Local educators weigh in on No Child Left Behind Act waivers
The federal No Child Left Behind (NCLB) Act put a lofty goal over the heads of the nation's public school educators - make sure all students are proficient in math and English by 2014.
While the federal law was designed to increase accountability and ensure that all student populations - including minorities and English learners - received a quality education, it has long been criticized for its unrealistic targets and accompanying punitive actions for districts that don't make the grade.
Last week President Barack Obama granted 10 states flexibility from some of the landmark legislation's toughest regulations.
To be considered, states must be developing career and college readiness standards and are required to enact their own challenging achievement targets and accompanying accountability system.
California's State Board of Education may go for the option and the matter has been discussed at recent meetings.
"While our state continues to weigh its options regarding a waiver, this much is clear: one top-down decade is enough. The law's failures should prompt a thorough reassessment of the federal role in education, not merely the substitution of one set of inflexible requirements for another," State Superintendent of Public Instruction Tom Torlakson said in a statement last week.
Local administrators said they hope for a system that actually recognizes improvement instead of punishing schools that don't meet rigid targets.
"The reality is that that the law creates a picture with the public that you have failing schools, and yet the schools have been making consistent gains. They just can't get 100 percent proficiency," said Rowland Unified Superintendent Maria Ott.
While the waivers provide the state's about 1,000 school districts with flexibility from some of the federal requirements, they don't fix the fundamental flaws of NCLB, Ott said.
"I think the bigger question for us as a nation and with Congress is we need to revisit the entire No Child Left Behind law. Congress does not seem ready to take this on and it's probably not going to happen," she said.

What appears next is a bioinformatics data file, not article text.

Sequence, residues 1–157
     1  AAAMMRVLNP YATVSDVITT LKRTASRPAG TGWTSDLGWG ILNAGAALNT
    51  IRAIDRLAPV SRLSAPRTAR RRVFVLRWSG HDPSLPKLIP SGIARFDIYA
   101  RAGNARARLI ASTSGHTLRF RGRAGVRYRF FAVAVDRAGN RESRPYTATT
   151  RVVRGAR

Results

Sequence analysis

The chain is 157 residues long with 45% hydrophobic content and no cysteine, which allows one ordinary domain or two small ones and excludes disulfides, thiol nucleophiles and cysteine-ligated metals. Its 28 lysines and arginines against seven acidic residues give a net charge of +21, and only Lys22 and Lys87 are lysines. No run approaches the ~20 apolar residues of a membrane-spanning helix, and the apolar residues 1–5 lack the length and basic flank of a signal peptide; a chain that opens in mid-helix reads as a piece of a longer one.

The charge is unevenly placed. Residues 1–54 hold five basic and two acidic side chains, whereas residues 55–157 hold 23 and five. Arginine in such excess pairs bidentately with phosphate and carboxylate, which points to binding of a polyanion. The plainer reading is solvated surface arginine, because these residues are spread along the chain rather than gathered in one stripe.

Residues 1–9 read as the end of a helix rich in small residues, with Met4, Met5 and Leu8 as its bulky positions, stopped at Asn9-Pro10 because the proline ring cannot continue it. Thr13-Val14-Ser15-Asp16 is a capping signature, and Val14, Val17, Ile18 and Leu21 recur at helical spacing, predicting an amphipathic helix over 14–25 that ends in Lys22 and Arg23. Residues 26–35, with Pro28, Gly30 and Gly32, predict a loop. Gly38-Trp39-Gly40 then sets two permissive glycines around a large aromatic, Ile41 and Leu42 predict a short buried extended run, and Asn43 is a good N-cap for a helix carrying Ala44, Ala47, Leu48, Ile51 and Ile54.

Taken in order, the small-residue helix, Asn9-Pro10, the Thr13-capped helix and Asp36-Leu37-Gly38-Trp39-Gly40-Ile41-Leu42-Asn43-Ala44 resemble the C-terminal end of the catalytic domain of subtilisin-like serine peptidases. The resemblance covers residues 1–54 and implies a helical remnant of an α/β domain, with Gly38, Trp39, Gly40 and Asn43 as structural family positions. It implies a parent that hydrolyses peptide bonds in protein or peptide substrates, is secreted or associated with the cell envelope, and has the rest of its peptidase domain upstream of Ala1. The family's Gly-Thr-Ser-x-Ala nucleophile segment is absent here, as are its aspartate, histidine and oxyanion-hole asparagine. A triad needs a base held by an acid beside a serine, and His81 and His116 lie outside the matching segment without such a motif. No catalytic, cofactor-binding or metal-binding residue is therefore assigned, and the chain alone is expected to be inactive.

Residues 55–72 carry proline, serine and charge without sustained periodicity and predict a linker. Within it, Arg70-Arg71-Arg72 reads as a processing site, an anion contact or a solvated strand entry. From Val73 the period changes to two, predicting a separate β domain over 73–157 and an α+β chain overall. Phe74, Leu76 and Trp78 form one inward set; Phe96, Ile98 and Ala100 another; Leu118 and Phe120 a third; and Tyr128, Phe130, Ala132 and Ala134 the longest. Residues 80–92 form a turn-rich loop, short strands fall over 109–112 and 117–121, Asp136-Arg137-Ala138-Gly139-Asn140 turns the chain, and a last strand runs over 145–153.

Although NCLB's sweeping reforms were passed with bi-partisan support in 2002, lawmakers in recent years have been divided on the federal government's role in education. The legislation has been up for renewal since 2007.
"(The waivers) are moving away from a highly federal education policy to give states more flexibility without lightening up Washington's emphasis on narrowing achievement gaps," said Bruce Fuller, UC Berkeley education and public policy professor.
Under NCLB, schools must meet annual growth targets on the Adequate Yearly Progress (AYP) scale for all of its student populations, including special education students, economically disadvantaged students and English learners.
If students in each specific group do not meet those targets for two years in a row, the school is designated as in Program Improvement and must develop a two-year improvement plan.
A failure to meet those targets in subsequent years carries a host of requirements, ranging from allocating money to provide free tutoring, to restructuring or closing down entire schools.
A waiver in California would ease some of those requirements - a notion that East Whittier City School District Superintendent Joe Gillentine would gladly welcome.
One of the district's schools, Mulberry Elementary, is in Year 2 of Program Improvement, mandating it to allocate 20 percent of its federal funding - about $190,000 - to provide free tutoring services for students who qualify.
The tutoring is performed by private, state-approved companies.
"I don't think it's been a good use of money," Gillentine said. "It's one of the negative aspects of NCLB."
Instead, district officials would rather set up their own after-school program that ties in lessons from the regular school day, they said.
Shedding federal accountability provisions would mean that California would solely use the Academic Performance Index (API), the state's own benchmark for measuring progress and improvement.
The two systems, AYP and API, have both been in place for more than a decade, confusing many parents who may be told that their schools are either failing or succeeding depending on which scale they turn to.
According to data from EdSource, a nonprofit research and data analysis organization, between 2006 and 2010, the number of schools successfully meeting federal targets dropped from 74 percent to 40 percent.
Meanwhile, the number of schools posting passing scores on the state's accountability system increased from 37 percent to 46 percent.
The educational community supports the state-mandated version because it recognizes improvement, Fuller said.
"The feds argued that we needed a hard standard, but it tended to penalize teachers who had big hearts and a huge commitment for kids in poor communities and got no credit unless they cleared the proficiency bar (mandated by the federal government)," he said.
With just one accountability tracking system, parents would be better equipped to identify successful schools, Fuller said.
The State Board of Education will ultimately have the final decision to apply for the waiver, which would need to be approved by the federal government.
The first 10 states to be granted waivers last week were Colorado, Florida, Georgia, Indiana, Kentucky, Massachusetts, Minnesota, New Jersey, Oklahoma and Tennessee.
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